There are many hot debates surrounding the topic of whether or not people should be allowed to fail. Failure is a fact of life. It is typically one of the more uncomfortable facts of life. Many people that complain that the “trophy generations” never learned how to fail, so they experience devastating consequences in “the real world” when they finally encounter failure.
An attempt to normalize failure has been to showcase famous failures with quotes and videos that demonstrate successful people failing. In a Nike commercial, Michael Jordan explains to kids that his failures are the reason he succeeded. Thomas Edison didn’t fail over 1000 times making a light bulb, he learned 1000 way that didn’t work. A YouTube search of "famous failures" yields over 402000 results, including this one.
While these famous failures show us that failure is inevitable, it doesn’t change the fact that failing is still hard. It is still uncomfortable. But if we try to live our lives protecting ourselves from failure, we aren’t really living. We aren’t growing or learning. We aren’t going to get anywhere in our lives.
Our time, effort and experiences aren’t erased when we fail. We can’t go back in a time machine and undo what has happened. But our time, effort and experience weren’t all for nothing. We put ourselves out there. We took a risk on the road to success. There’s a reason why we failed, and we need to continue to take risks on the road to success. We need to become super fail-ers.
So how do we do that? Over this and the next post, we’ll explore five strategies to help us build resilience in the face of failure. These strategies include encouraging small wins, leveraging a growth mindset, creating space for the suck, redirecting your energy and examining what you can learn from failure.
In The American Psychologist, Karl Weick describes the concept of small wins in creating social change. We can apply this logic and set smaller, incremental goals on the way to our big hairy audacious goals. Aiming for small wins helps us stay focused on making steady progress on our goals. For example, maybe you are a football player trying to rush for 1600 yards in the season. A small win may be 100 yards per game, or 25 yards per quarter. If you don’t achieve the small win along the way, it doesn’t mean you won’t meet your season goal. So a super fail-er might set and fail at several small goals, but because they were small goals, the super fail-er didn’t slide back very far.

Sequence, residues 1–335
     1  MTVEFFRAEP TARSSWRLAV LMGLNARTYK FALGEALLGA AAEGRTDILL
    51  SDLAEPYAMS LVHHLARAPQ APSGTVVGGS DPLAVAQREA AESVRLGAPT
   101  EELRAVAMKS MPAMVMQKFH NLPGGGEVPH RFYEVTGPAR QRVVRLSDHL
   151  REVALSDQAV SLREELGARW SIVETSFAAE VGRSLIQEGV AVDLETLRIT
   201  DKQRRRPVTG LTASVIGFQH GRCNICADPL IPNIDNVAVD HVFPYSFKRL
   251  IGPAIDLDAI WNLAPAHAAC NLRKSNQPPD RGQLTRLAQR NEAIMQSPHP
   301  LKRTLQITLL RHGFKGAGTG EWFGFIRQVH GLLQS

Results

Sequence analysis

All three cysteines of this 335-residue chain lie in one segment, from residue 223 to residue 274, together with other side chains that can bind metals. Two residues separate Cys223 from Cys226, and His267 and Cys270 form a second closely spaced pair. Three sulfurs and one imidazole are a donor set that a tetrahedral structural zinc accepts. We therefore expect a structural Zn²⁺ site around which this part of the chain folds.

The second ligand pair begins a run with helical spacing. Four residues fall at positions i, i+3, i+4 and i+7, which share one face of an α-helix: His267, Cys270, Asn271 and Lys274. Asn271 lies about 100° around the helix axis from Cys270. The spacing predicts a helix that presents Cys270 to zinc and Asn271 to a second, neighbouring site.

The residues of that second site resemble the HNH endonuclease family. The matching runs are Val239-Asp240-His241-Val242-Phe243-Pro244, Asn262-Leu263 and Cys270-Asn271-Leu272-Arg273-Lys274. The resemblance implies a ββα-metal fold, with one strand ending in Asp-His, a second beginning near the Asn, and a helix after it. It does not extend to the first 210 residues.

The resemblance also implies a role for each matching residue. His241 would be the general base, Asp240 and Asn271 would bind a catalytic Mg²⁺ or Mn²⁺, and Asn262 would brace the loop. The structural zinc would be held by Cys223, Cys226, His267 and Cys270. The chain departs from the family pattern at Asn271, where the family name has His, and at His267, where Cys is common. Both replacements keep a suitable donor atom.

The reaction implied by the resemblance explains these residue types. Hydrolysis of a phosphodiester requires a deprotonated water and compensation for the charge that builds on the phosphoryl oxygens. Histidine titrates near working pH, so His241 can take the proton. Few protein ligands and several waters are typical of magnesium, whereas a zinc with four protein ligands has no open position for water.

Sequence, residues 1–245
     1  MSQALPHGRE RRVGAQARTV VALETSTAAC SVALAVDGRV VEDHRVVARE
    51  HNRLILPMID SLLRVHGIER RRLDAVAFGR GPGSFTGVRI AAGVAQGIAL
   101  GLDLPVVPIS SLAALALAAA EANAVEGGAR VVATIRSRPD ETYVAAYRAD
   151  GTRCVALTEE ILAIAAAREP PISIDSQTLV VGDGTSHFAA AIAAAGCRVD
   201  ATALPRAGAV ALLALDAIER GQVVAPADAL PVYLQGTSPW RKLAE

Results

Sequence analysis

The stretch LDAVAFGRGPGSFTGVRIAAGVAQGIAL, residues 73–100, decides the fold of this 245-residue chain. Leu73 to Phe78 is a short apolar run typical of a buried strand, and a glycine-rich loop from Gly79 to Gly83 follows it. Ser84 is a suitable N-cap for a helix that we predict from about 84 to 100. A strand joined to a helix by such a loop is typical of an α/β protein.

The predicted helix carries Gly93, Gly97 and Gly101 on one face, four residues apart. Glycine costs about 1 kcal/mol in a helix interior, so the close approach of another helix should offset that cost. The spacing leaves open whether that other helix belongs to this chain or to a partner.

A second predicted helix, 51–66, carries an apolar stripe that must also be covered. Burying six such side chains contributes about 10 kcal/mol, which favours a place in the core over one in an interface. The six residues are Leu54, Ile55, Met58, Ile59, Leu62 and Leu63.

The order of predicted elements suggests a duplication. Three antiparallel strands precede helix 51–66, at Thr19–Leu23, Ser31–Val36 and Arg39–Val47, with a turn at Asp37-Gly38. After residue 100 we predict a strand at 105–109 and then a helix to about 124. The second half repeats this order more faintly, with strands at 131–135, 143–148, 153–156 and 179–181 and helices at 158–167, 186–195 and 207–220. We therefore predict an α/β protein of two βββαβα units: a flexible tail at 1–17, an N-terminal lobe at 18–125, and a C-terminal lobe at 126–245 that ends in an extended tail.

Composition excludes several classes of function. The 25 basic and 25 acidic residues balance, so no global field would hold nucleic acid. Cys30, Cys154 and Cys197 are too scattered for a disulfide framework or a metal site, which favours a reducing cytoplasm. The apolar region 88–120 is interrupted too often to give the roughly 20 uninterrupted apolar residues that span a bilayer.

Leverage a Growth Mindset
In Mindset, Carol Dweck describes two mindsets that shape our attitude and effort toward challenges.
Someone with a Fixed Mindset believes that intelligence, skills and abilities are a fixed potential; we are born with it and can cannot change it. People with Fixed Mindsets still want to appear intelligent, skilled and capable. With a Fixed Mindset, we might avoid challenging situations because it could expose our lack of ability. Putting more effort into improvement and seeking feedback from others isn’t worthwhile because it won’t change our innate ability. Seeing others succeed might be threatening or disheartening.
With a Growth Mindset, we believe that intelligence, skills and abilities can be developed. Effort and diving into challenging situations are the keys to gaining mastery. We seek out feedback and are inspired by the success of others, thinking “if they can do it, I can too.”
Effective Praise is a tool that can foster a Growth Mindset. Effective praise names the effort or technique used to achieve a positive outcome. That effort or technique can be replicated to lead to future successes. While we still might not see failure as a positive outcome, there are three core elements of failures we can praise or celebrate:
Effort. While the effort may have been applied to the wrong direction or strategy, the quality effort is still praise-worthy and replicable.
Feedback. We can praise the opportunity for feedback from the situation or from others. This will help us identify how to move forward.
Opportunity. We now have another opportunity to try new strategies and refine old ones on our way to success.
In the next post, we will explore three additional strategies for becoming a super fail-er.
Dweck, C.S. (2006). Mindset: The New Psychology of Success. New York: Random House.
Weick, K.E. (1984). “Small Wins: Redefining the Scale of Social Problems.” The American Psychologist. 39(1): 40-49.